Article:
Yeah, I think that’s great stuff there in terms of getting really clear on, “What do you want? And what do you mean by that?” in terms of what do you want.

Atta Tarki
Yeah. And one other thing is I would ask folks in the role, or currently performing that role, is, “How do you split your time between various activities?” So, if you come in to work at my company, an excellent question to one of our project managers is like, “Okay, how much of your time do you spend speaking with candidates versus talking to clients versus thinking about what search strategies that are effective versus other activities, right?”

And that kind of like gives you a sense. If you’re someone who doesn’t get a lot of energy from talking to people, but our project managers say, “Well, I probably spend about a good four hours a day talking to candidates,” you’re like, “Oh, wow, that sounds draining. That’s like starting a search strategy sounds really fun but you’re only spending an hour a day doing that, but I have to spend four hours a day talking to candidates, and that’s going to drain me.” It’s not about kind of like a checklist of tasks and traits but also how much of your time is going to those different types of tasks and traits that kind of give you energy versus kind of drain you for energy.

Pete Mockaitis
Yes, I think that’s excellent. And so, let’s say, all right, so we got a really clear picture on what we want and we are looking at an opportunity that sure seems to be that. What are some of your top tips for just crushing it and looking fantastic during the course of the recruiting process from networking conversations to resumes to the interview to work samples? Like, how do you dazzle?

Atta Tarki
Absolutely. Prepare, prepare, prepare. Try to anticipate what are the questions that are going to come up, or work sample tasks, or skills-based assessments, etc. that are going to come up in the interview. If it truly is a role that you definitely want, do your research, go online, there are all these resources like Glassdoor.com, etc. See if you know anyone who used to work there or works there now, and ask them, like, “Okay, what could I anticipate?”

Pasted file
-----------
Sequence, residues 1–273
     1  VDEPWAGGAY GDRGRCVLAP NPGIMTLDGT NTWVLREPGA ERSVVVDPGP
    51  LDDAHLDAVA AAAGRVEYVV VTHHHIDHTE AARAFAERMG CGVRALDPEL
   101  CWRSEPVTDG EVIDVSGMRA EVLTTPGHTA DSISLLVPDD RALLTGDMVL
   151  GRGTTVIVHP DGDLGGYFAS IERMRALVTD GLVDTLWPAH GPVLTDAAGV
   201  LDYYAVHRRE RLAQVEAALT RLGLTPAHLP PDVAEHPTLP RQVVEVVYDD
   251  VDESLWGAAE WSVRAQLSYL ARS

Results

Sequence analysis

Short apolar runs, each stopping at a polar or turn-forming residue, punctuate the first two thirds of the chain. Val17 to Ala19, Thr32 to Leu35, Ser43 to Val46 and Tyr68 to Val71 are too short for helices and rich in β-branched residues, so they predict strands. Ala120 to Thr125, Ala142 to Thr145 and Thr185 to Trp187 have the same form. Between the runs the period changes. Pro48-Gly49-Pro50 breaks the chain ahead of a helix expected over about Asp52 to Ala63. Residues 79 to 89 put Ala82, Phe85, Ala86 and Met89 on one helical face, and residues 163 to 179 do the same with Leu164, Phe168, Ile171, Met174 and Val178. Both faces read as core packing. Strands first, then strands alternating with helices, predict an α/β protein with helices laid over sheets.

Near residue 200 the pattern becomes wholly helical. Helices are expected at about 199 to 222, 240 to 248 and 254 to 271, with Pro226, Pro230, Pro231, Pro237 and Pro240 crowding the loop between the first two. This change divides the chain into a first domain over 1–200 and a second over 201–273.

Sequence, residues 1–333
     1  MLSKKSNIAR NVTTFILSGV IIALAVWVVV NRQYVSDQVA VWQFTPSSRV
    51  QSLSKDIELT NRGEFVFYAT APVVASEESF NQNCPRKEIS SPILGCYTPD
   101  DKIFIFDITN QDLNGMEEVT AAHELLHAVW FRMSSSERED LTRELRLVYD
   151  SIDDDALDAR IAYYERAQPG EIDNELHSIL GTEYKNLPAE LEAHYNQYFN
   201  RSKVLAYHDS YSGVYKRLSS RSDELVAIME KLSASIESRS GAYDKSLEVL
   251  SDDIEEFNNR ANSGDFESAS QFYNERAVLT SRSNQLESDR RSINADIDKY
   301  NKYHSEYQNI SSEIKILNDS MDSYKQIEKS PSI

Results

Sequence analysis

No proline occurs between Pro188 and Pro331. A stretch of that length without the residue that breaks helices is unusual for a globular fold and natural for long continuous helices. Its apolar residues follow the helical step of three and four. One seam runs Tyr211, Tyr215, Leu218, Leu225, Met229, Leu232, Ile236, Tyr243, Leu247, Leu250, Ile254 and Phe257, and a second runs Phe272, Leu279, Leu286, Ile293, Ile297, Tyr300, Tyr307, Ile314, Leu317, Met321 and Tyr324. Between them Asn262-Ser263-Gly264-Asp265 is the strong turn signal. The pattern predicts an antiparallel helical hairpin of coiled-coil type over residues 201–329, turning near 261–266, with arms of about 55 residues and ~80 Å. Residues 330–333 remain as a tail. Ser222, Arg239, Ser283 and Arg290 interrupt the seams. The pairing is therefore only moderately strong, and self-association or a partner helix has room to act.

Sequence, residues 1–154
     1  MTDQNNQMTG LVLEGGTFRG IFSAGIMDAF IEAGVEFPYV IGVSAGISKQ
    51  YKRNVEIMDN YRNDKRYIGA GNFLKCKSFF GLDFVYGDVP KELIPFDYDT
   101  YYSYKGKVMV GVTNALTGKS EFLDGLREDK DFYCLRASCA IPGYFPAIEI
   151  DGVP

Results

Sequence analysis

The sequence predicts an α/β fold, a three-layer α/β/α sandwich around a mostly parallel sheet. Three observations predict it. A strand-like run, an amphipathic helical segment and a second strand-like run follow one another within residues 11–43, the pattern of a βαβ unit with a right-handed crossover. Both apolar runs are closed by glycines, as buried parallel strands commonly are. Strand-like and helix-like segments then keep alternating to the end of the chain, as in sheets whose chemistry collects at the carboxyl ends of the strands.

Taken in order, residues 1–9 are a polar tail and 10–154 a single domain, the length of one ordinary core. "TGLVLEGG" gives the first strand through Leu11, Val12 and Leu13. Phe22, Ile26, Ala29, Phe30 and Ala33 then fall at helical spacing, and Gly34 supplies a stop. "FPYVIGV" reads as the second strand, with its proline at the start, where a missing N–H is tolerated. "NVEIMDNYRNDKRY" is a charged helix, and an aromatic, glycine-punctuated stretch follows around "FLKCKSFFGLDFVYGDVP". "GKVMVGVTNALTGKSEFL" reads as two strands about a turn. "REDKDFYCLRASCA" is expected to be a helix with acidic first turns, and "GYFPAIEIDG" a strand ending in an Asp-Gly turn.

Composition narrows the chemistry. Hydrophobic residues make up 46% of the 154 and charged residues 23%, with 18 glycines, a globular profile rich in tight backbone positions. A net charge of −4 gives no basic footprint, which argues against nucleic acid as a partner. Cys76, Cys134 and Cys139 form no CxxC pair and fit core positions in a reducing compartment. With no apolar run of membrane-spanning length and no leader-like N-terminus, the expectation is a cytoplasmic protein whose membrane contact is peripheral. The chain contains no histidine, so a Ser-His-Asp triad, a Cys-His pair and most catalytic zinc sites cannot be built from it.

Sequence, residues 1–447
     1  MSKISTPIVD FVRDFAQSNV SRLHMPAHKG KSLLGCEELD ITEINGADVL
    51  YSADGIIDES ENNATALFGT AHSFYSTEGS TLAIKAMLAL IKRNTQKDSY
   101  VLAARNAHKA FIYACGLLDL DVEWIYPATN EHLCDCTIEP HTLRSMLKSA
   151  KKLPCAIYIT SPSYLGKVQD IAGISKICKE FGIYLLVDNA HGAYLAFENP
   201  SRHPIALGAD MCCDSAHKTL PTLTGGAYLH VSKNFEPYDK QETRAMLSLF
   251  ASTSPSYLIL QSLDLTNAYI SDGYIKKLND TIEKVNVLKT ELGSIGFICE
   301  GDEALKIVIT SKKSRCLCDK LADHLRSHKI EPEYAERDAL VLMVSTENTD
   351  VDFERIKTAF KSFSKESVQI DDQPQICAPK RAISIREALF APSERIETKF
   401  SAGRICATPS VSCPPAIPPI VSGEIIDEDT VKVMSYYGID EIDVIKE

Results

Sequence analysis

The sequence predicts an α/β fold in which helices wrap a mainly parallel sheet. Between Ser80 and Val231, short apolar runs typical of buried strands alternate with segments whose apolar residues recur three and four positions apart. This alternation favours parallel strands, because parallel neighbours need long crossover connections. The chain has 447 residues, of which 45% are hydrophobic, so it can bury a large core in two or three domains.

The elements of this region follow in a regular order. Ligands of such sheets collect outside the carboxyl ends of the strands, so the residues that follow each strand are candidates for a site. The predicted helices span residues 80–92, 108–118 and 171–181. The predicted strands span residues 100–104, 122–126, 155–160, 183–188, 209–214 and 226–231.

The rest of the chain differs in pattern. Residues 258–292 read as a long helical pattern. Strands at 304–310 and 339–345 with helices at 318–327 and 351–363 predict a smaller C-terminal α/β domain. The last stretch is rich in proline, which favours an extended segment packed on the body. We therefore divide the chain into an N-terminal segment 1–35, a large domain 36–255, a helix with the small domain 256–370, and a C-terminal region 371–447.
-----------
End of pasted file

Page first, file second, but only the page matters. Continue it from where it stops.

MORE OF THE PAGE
I’d say 80% of the questions you can anticipate regardless if you know someone there or not. And don’t just kind of think about them but write it out, and then role-play ideally with someone else. You’d be surprised how much more refined you’re going to be if you actually kind of sound it out once or twice versus you just try to wing it. I’d say the biggest mistake we see from people who want their dream job is that they think they can wing it, and then they come in and they’re just babbling on,

Atta Tarki
And then they blow their opportunity. But, also, then research not just the company but also the role and the people you’re talking to, and understand a little about them, and try to connect with them on that personal level when you’re going in there, and say, like, “Okay. Well, Pete, I noticed that you used to work at Bain & Company. How do you feel like that prepared you for your current job?”

Pete Mockaitis
Certainly. Well, I could tell you the things I do with my engagement at them but I don’t think they’re very common amongst podcasters. But that’s another conversation for another day. Okay, so I dig that. So, those are prepare, prepare, prepare, do those things. And then you’ve done some research on how star-performing employees deliver just a wildly big multiple of value greater than, say, average-performing employees. Can we hear a little bit about that research?

Atta Tarki
Yeah, absolutely. So, this is also one of these things that you hear a lot about but then people don’t kind of know what to do with it. So, what I did is I looked at the lifetime prize money won in a few different sports. So, let’s talk about the prize money won by tennis players and poker players.

Pete Mockaitis
All right. Nice and public data.

Atta Tarki
Absolutely. So, if you look at 24,000 ATP players, now, ATP players are phenomenal tennis players. They are the top-ranked players in the world. And you look at the lifetime prize money that is collected by these players, the top 10% of the players there collected 98% of the total prize money from these 24,000 players.

And poker, I found data on 450,000 poker players, and there, again, it’s a very large sample size so we’re not talking about a small sample bias with five poker players or 20 poker players in a small tournament, but 450,000 of them. And in this enormous dataset, the top 10% of the players took home 85% of the lifetime prize money.